I would like to do my part to encourage you to look towards the future (it really can be comforting) with a special Best Fit List or Fast Track discount. The main difference between these two services is that the Fast Track service does not require membership. For both services, I personally choose 3-5 programs that meet your student’s interests, goals, budget and qualifications. The Fast Track service also includes a video with further information about admissions strategies, suggestions for next steps, and other considerations based on the students specific preferences. This time of year, it is particularly useful for sophomores and juniors. Use coupon code “coping” to redeem this 30% discount through March 31st.
***Note: We posted this yesterday, before WHO announced the pandemic status and Trump announced the European travel ban (which does not apply to citizens though). Though these are difficult times, we still need to plan for the future-including college. I was hesitant to write about the virus, as I’m sure your inboxes-like mine-are being flooded. I will be sending something in the next week, though, about how our students in Europe are faring through this.***
Life as an international student in Europe isn’t all rainbows and unicorns. There are definitely extra challenges they face living in a new country. I’m experiencing some of this myself as we are in our first few months in Europe. I’m really kicking myself for not memorizing the metric system. Even as I’m learning the formulas, calculating is an extra step. I know how far a mile is, but have to think about what it means if something is presented in kilometers or meters. There is also a new language to learn, new public transportation system to navigate, and the challenge of figuring out where and how to take care of day to day needs-from organic milk to contact lenses!
These challenges make me really respect what our students are going through. They are navigating all of these issues (maybe not the quest for organic milk….) with less life experience to draw from AND while going to school full time. The challenges that they are successfully navigating actually end up being beneficial, as they lead to tremendous growth and self confidence-not to mention soft skills that employers are looking for. For more information visit us at https://maciej-kozlowski.pl /
I’m also experiencing some of the same perks that international students benefit from, the first of which is affordability. I talk a lot about the dramatic difference between tuition in the US and Europe. The average tuition for international students in Europe is right around $7000 per year. The savings are even greater when you consider that most bachelor’s degrees take just 3 years to complete. As a frame of reference, my son Sam attends a university with tuition that is higher than average in Europe (about $12,500 per year). Yet we will save more than $200,000 compared to US private universities and even about $39,000 less than attending our flagship state university.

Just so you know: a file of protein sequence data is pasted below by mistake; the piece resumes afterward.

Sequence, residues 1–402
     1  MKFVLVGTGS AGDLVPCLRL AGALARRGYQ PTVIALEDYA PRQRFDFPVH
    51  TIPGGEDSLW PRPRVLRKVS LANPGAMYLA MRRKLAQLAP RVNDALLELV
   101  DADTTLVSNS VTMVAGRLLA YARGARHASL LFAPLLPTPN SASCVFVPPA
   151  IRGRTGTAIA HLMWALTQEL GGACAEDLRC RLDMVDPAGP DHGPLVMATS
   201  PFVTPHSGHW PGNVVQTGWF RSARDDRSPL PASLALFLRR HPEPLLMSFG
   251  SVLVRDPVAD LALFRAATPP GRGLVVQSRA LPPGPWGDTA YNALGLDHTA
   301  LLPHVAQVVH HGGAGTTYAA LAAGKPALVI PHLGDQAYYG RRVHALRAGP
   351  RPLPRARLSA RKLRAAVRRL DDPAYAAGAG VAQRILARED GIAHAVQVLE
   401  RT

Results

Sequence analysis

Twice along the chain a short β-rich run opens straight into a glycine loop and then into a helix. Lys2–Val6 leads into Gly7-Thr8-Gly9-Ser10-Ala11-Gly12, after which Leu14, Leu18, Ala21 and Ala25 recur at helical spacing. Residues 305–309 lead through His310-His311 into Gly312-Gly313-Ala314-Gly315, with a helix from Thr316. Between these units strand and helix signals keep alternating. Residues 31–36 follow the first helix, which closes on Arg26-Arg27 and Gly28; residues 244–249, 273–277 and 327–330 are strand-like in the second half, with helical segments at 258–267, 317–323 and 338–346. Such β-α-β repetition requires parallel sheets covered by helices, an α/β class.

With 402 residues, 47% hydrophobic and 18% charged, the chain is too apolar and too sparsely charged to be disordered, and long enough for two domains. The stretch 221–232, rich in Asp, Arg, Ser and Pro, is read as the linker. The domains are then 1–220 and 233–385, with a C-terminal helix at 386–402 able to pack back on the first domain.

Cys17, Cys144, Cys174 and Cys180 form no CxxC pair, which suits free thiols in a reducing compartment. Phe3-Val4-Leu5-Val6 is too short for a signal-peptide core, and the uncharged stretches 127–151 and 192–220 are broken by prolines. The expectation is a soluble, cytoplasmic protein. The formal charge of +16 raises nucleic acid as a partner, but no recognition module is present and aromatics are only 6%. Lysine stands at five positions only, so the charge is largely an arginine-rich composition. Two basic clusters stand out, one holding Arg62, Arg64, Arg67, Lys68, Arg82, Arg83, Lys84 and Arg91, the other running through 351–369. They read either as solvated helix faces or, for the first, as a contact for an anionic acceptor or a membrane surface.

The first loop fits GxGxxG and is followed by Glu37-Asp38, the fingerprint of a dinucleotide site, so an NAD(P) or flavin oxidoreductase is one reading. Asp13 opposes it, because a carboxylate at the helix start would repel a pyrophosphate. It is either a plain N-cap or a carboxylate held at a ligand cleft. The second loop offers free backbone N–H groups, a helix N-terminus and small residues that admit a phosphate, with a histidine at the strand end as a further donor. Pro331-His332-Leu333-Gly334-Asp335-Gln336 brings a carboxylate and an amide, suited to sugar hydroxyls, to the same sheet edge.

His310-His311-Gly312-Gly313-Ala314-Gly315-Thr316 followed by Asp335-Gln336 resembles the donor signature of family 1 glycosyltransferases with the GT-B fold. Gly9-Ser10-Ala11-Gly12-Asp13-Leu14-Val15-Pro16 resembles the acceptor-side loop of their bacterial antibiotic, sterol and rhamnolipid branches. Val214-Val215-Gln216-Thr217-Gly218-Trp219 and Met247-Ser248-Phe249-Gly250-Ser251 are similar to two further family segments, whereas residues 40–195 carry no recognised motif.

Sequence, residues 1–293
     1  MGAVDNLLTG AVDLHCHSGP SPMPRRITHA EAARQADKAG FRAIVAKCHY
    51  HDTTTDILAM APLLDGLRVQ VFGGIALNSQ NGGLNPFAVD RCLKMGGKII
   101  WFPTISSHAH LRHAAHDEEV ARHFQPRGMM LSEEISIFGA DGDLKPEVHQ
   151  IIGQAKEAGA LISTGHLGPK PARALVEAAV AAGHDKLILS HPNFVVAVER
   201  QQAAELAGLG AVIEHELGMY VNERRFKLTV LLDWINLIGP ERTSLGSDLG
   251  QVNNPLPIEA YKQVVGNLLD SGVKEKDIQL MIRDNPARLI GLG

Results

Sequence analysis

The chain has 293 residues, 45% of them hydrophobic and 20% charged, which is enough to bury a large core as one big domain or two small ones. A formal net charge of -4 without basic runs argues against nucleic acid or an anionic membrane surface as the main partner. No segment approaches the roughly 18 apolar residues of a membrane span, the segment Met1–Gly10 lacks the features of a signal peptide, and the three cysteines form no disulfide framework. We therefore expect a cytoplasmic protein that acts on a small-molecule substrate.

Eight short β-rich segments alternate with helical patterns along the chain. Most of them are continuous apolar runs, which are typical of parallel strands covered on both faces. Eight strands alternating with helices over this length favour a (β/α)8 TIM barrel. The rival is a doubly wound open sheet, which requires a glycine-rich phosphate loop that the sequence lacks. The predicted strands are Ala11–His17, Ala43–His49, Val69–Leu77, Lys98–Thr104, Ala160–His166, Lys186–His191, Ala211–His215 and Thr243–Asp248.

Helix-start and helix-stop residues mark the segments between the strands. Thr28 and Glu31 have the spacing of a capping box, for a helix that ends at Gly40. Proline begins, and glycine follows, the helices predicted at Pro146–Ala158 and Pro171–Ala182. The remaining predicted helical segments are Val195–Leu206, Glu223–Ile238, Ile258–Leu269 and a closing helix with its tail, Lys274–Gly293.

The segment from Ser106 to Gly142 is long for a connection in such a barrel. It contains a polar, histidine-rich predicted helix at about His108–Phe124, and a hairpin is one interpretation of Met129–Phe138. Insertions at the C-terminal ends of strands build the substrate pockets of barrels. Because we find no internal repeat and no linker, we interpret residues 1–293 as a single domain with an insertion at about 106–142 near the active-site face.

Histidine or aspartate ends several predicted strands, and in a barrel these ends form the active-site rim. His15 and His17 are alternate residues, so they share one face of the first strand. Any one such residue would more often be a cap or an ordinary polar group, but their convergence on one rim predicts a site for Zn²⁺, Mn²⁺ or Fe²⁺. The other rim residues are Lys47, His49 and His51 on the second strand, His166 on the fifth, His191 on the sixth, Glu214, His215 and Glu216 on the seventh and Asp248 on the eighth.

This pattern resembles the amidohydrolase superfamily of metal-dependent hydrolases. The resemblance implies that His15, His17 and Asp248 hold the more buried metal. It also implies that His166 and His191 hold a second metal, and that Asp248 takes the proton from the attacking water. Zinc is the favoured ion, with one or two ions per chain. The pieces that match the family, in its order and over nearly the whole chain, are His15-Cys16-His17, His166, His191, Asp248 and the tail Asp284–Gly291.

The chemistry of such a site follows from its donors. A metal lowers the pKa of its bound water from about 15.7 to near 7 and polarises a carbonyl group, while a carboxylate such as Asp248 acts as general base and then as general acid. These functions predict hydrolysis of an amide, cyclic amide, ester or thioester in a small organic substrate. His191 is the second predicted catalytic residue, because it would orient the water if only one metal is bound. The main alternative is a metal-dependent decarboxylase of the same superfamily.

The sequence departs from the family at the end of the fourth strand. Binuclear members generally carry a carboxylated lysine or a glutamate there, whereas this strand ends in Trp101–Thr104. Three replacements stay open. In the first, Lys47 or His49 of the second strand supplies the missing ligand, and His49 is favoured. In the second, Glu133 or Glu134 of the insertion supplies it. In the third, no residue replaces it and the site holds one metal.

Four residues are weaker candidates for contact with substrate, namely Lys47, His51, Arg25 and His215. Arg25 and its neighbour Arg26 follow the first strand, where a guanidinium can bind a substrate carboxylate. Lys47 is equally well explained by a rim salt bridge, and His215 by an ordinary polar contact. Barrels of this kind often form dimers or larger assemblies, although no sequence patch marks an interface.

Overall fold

Since we are moving from North Carolina, where cost of living is more affordable than in much of the US, we didn’t expect to be blown away by the savings. We were wrong! While our housing costs are comparable, there are other savings that are astounding! Though we will be covered by the public health system, we need to get private health insurance-at least temporarily-in order to get our residence card. Many people use both the public and private health system. Want to know why? It’s incredibly affordable! We’re paying about $200 per month (2400 per year) for private insurance for all three of us. Of course we will have co-pays, but they are under $15 for most services. Our coverage includes the option for in-home doctors visits, specialists, prescriptions, physical therapy, MRIs, and just about anything else you can think of-with no deductible!
Until recently, we always had health insurance through Tom’s employers. Since our portion of health insurance costs was always deducted from his check, it was easy to not fully wrap our brain around how much we were paying. In fact, most families with employer based insurance pay $6000 per year for their portion of the plan and have an average deductible of $8232! If you aren’t lucky enough to have employer-based insurance, you’re looking at an average of $14,016 per year plus deductibles, co-pays, and uncovered costs. My friend just told me that they just got a $150 bill for her daughter’s throat culture and treatment for pink eye-despite the fact that they have insurance.
Transportation is another area we are saving huge amounts of money. As is the case in most of North Carolina, we lived in a place that did not have adequate public transportation. This meant two car payments along with insurance, gas, and maintenance on the vehicles. We plan to stay carless and rely primarily on walking and public transportation in Portugal. Adults in Portugal pay 40 euros for a monthly unlimited public transportation pass, but families pay no more than 80 euros total. Imagine the savings for a large family! Even with occasional local uber rides or car rentals for nearby weekend trips, we will pay dramatically less each month for transportation. Our internet and cell phone is also a small fraction of what we paid before.